Tuesday, July 19, 2005

The Ultimatization of a Legend?

Not being a Star Trek fan, only having seen about ten episodes of TOS and the Khan movie, I can't even remotely bring myself to care that the franchise is no longer on air.

I am however familiar with the setting and like Chris Roberson here (him I know), I've always wondered why the hell the Federation isn't a lot more powerful than it's portrayed.

Consider the following:

The Federation is a post-scarcity economy, with FTL technology and the ability to create AIs.

Exactly. What I never considered though was applying the Singularity mindset to the Star Trek universe. As Roberson shows, the results would be devastating:

This should be approached as a post-Singularity culture, in the best Vingean tradition. Zipping across the cosmos at superluminal speeds, explorers able to instantiate at innumerable locations on a given world simultaneously, multiple iterations of each individual spawned by the ship's ability to break down organisms into replicatable patterns and then rebuild them from available matter. Whole research teams made up of multiple copies of one scientist, a kind of hivemind working in concert. Human-machine hybrids, augmented humans, and artificial intelligences rubbing shoulders on the bridge.

To which I add, vacuum-proof invincible holowarriors, infinite ammo, Khan-style enhancements for the entire human race. Let's not even get into the famous "technobabble" one-off devices.

Star Trek could - should - have been awesome. Here's to Moore (of Galactica fame) getting his hands on it in the next decade.

4 Comments:

Anonymous Hannibal Tabu said...

Because of Khan, a lot of that will never come to the Federation.

They are deathly afraid, as a culture, of personal modification. If you recall DS9, Dr. Bashir was found out to be a very mildly enhanced human and almost drummed out of the whole joint.

Khan scared them. Too much, too fast. Dr. Soong's kids did the same -- swiping a freaking Bird of Prey? Even as far forward as the 27th century, that sort of thing is looked on with horror.

As for holowarriors (an idea dear to my heart, as you know), the Doctor was a prototype that worried many. His powers too great, holodeck accidents too common (safety protocols? What safety protocols?) and again fear limited the technology, as much as Terra Prime almost scuttled the nascent Federation.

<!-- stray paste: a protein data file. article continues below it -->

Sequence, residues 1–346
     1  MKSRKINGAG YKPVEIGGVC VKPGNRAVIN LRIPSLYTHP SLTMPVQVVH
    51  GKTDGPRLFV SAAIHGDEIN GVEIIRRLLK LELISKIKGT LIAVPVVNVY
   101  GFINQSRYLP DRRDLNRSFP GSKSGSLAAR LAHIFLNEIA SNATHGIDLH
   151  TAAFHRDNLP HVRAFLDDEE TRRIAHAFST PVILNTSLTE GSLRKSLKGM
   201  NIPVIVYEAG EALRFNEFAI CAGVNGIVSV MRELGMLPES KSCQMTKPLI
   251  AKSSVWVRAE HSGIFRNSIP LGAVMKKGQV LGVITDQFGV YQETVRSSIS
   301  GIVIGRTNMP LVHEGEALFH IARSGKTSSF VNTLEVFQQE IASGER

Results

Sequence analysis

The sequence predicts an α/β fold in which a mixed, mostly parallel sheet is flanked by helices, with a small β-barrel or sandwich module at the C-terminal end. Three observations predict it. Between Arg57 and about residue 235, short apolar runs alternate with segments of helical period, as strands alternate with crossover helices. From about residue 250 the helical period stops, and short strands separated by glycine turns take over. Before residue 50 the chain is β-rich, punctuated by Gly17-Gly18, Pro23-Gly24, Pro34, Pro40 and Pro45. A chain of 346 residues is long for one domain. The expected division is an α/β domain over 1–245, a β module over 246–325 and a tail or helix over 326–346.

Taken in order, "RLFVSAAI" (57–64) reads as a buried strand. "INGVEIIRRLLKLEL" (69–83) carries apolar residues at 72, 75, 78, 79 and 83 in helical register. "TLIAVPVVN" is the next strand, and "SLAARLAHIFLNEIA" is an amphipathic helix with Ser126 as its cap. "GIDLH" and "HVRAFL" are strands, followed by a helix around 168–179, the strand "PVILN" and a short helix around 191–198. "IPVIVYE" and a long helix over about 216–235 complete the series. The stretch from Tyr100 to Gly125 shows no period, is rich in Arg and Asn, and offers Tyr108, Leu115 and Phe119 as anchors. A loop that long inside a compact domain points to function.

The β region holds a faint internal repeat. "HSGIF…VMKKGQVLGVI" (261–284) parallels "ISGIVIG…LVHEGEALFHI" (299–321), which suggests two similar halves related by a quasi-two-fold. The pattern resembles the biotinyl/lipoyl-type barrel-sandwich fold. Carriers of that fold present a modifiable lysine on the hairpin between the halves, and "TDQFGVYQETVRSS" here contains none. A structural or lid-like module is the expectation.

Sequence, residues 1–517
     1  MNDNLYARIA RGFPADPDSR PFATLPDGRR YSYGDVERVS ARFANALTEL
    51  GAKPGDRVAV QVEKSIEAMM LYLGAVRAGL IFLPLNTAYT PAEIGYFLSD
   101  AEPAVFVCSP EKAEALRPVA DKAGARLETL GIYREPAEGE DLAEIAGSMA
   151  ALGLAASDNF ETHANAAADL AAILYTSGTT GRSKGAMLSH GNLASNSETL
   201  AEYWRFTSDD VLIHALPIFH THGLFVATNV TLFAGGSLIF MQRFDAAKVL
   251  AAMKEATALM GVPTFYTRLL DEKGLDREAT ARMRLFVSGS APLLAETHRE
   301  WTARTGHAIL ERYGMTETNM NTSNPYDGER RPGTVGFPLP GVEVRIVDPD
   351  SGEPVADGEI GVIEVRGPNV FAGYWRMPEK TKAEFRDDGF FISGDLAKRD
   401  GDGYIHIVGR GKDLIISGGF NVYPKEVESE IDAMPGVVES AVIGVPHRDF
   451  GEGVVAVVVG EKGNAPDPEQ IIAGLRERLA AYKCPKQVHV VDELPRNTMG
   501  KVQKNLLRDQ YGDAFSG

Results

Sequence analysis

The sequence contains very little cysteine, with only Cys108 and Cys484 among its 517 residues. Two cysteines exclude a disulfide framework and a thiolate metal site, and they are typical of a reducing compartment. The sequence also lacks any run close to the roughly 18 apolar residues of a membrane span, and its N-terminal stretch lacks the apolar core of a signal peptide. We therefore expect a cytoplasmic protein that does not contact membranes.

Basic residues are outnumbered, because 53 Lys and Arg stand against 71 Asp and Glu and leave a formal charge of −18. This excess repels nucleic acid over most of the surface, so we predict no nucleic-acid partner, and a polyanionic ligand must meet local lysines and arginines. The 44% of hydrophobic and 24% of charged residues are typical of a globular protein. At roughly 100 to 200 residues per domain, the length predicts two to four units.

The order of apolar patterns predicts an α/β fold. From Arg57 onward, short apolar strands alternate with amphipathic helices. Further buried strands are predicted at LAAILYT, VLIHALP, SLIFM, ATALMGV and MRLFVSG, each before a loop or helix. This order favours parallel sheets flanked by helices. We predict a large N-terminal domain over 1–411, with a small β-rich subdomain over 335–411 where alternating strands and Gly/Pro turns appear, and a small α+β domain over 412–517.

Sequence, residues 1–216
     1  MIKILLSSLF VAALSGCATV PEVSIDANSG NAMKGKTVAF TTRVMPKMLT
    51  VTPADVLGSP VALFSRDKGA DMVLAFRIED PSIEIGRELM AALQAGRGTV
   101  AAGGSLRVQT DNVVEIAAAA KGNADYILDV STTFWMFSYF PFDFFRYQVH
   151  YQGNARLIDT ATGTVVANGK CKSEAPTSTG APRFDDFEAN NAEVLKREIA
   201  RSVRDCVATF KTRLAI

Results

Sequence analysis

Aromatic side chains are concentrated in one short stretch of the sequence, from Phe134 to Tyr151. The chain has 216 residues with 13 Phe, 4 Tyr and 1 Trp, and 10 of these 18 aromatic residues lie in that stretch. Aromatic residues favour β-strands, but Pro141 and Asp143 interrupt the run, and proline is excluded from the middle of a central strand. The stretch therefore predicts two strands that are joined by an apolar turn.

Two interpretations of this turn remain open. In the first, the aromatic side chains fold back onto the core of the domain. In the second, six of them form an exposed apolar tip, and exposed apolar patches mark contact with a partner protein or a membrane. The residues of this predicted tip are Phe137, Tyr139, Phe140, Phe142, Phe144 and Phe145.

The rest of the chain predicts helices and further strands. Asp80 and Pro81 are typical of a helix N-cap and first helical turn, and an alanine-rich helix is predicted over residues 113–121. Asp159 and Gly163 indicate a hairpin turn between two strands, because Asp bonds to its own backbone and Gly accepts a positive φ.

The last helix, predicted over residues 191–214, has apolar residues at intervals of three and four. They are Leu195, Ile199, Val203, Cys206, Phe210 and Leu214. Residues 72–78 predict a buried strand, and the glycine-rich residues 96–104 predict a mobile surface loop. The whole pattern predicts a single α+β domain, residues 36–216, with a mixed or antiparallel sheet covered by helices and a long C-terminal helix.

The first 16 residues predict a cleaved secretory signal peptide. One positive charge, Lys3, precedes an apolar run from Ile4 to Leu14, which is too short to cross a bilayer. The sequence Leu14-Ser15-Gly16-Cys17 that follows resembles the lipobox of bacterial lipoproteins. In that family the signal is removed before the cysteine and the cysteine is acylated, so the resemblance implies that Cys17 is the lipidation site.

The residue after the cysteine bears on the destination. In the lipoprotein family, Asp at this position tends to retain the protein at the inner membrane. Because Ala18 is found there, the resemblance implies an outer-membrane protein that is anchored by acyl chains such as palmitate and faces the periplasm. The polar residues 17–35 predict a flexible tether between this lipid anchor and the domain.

That said, the Federation is considerably sneakier than they'd imply (Insurrection) and often doing downright wrong things for reasons of imperialism. The only difference between them and the Romulans is a multiplicity of races and better PR.

8:15 PM  
Blogger razorsmile said...

As for holowarriors (an idea dear to my heart, as you know)

Exactly what I was thinking of when I wrote that. Heh.

They are deathly afraid, as a culture, of personal modification.

Hmm, really. Well, that would explain it.

Technoluddite fools.


Oh and, to all Star Trek fans, R.I.P. Scotty.

3:57 PM  
Anonymous Hannibal Tabu said...

Technoluddite or not, it's an issue of control. The "controller" we so often discussed has the same concerns. He can't let things get beyond his comprehension, and while he is a genius in some areas, he's a fool in others. Therefore a clamp down on everything, because he can trust no one.

But you just wait until I get a good story to work in his "apprentice." >8^)

5:31 AM  
Blogger razorsmile said...

Technoluddite or not, it's an issue of control.

I ... see. The difference is that the "Controller" doesn't have to deal with politics or public opinion; total domination of the known universe will do that.

But what about the unknown universe? How long till the Federation (or even one interstellar mad genius) runs into a unsupervised civilization that doesn't self-restrict? Sitting ducks in a barrel, i tells ya.

But you just wait until I get a good story to work in his "apprentice".

*rubs hands together gleefully*

1:49 PM  

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